New counseling center at FGCU aims to provide mental healthcare at an affordable price

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FGCU Student and Community Counseling Center (WINK News)

Access to mental healthcare in Florida is not good.

Last year, the state ranked 44th, according to Mental Health America.

The map below shows the ratio of population to mental health providers in the state.

Map showing access to mental health care across Florida (WINK News)

A lot of Southwest Florida is in the red, which shows a severe lack of access. But Florida Gulf Coast University is taking that challenge head-on.

“It’s quite clear that stresses in life are rising,” said David Pezzullo, a counselor in training at FGCU’s new Student and Community Counseling Center.

“I think for a lot of people listening, this might be a great opportunity,” he said.

An opportunity for SWFL to get the mental health services that can be hard to find and cost a lot.

“We wanted to be certain that our services were accessible to everyone in the community,” said Alise Bartley, the director of the center.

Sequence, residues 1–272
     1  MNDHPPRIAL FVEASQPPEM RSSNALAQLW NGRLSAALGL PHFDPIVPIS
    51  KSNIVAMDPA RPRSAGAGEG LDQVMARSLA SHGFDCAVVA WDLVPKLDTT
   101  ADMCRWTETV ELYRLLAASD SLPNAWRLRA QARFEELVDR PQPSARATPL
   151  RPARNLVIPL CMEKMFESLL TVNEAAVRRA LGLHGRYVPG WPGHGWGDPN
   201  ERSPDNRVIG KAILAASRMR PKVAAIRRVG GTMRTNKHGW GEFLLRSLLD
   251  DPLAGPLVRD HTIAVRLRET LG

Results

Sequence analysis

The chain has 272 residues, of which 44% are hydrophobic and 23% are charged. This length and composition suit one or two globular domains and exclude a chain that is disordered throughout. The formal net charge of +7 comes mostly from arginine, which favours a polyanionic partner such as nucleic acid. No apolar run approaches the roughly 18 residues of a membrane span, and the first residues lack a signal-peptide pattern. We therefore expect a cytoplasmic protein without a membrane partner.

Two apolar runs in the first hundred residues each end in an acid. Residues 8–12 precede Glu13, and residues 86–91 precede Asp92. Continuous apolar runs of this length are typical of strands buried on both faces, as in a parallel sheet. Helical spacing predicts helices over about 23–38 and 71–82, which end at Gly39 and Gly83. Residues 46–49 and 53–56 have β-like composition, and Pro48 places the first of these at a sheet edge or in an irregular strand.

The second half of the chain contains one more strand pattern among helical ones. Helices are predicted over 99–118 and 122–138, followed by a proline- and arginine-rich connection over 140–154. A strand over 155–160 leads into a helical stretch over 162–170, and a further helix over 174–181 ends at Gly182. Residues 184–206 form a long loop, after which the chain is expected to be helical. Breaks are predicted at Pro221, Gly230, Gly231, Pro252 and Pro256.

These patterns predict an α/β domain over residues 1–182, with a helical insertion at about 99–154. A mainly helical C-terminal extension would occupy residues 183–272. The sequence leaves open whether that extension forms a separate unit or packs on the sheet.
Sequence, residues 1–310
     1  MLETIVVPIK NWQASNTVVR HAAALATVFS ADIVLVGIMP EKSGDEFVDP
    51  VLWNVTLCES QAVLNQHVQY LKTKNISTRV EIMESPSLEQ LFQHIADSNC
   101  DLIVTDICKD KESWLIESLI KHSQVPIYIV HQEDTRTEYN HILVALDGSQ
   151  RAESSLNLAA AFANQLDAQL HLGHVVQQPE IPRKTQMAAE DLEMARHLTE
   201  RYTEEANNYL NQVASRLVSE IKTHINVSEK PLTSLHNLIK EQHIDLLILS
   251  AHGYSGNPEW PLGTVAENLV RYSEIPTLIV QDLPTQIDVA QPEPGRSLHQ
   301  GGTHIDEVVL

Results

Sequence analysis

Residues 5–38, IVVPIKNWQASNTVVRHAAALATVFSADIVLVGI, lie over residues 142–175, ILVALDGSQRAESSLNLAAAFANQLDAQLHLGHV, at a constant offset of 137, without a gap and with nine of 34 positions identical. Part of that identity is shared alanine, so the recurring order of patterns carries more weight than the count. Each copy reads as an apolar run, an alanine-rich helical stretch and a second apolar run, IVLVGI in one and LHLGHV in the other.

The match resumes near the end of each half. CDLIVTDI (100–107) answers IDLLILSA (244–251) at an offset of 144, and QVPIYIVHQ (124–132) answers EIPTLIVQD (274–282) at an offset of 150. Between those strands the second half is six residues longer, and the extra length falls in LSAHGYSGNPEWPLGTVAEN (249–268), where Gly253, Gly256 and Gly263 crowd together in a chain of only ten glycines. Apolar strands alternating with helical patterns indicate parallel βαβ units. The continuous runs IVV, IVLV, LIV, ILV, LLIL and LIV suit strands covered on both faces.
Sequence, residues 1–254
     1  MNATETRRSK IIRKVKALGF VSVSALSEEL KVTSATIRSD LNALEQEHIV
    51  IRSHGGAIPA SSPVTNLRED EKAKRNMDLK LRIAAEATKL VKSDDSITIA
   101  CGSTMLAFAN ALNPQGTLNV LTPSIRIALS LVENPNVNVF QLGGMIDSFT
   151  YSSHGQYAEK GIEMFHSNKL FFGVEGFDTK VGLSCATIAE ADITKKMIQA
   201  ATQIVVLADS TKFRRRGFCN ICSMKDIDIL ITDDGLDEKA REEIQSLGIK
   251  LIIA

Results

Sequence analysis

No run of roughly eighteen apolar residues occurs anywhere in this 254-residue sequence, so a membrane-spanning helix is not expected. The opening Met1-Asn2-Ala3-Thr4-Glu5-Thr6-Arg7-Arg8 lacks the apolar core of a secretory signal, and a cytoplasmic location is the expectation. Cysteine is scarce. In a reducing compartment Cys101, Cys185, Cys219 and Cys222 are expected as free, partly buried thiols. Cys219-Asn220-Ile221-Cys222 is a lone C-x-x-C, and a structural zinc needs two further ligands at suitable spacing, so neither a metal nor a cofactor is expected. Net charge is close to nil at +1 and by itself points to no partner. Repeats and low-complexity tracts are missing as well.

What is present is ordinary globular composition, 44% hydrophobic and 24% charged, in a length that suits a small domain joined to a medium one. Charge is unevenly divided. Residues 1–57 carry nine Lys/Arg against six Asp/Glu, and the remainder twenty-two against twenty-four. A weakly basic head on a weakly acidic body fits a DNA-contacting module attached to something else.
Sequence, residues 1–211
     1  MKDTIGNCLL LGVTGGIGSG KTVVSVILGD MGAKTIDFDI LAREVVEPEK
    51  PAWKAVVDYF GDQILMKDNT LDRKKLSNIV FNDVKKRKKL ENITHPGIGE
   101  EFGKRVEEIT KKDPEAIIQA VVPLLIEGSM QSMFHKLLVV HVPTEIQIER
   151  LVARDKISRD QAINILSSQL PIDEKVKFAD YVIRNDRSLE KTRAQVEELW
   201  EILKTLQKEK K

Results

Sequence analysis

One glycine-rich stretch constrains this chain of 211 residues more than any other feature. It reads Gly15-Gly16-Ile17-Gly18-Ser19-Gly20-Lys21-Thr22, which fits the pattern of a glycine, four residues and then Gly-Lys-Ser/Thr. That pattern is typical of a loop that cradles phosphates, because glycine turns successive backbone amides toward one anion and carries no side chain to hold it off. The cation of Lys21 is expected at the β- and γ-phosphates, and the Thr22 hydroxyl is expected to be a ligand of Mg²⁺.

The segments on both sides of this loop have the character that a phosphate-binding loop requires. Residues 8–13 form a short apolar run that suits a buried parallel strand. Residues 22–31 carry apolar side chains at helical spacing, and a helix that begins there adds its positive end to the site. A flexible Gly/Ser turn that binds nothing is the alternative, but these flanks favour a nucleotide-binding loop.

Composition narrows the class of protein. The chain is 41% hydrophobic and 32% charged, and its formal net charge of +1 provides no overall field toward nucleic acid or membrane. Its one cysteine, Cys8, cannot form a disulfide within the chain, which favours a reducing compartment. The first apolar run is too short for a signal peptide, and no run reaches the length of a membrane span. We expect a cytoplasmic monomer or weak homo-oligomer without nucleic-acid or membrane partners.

She says the center is an affordable option for people who need counseling.

They don’t take insurance, but it’ll cost you about $25 an hour or whatever you make an hour—whichever is less.

And it’s not just for adults. The center is also designed for kids, equipt with a sandbox and emojis to help kids express themselves after they’ve been through some trauma.

How are you feeling today emojis (WINK News)

“Instead of just having one counselor, they’re going to have several to get the best services possible,” said Bartley.

The center will also offer mental health services to Lee County Schools’ students, which could be a big help since one in five Americans say someone in their home can’t get mental healthcare due to the cost.

We asked CBS Chief Medical Correspondent Dr. Jon Lapook about the situation.

“We would never tell anyone to snap out of diabetes or asthma. We tell people to snap out of your mental illness. You can’t do that,” Lapook said.

So the leaders at FGCU hope the new center will train future counselors to meet the need, all while offering hope to patients who need it now.

“We wanted to be certain that our services were accessible to everyone in the community,” said Bartley.

The center opens next Friday and will be open for clients on Mondays and Thursdays from 1 to 8 p.m. and Saturdays from 9 a.m. to 1 p.m.

As they train future counselors to meet the growing needs of the community here, “I hope this opens the door for a whole new trend,” says Pezzullo.

And hopefully, a trend upwards in access to mental health services in a state that so desperately needs it.

The center offers help with English and Spanish-speaking counselors.

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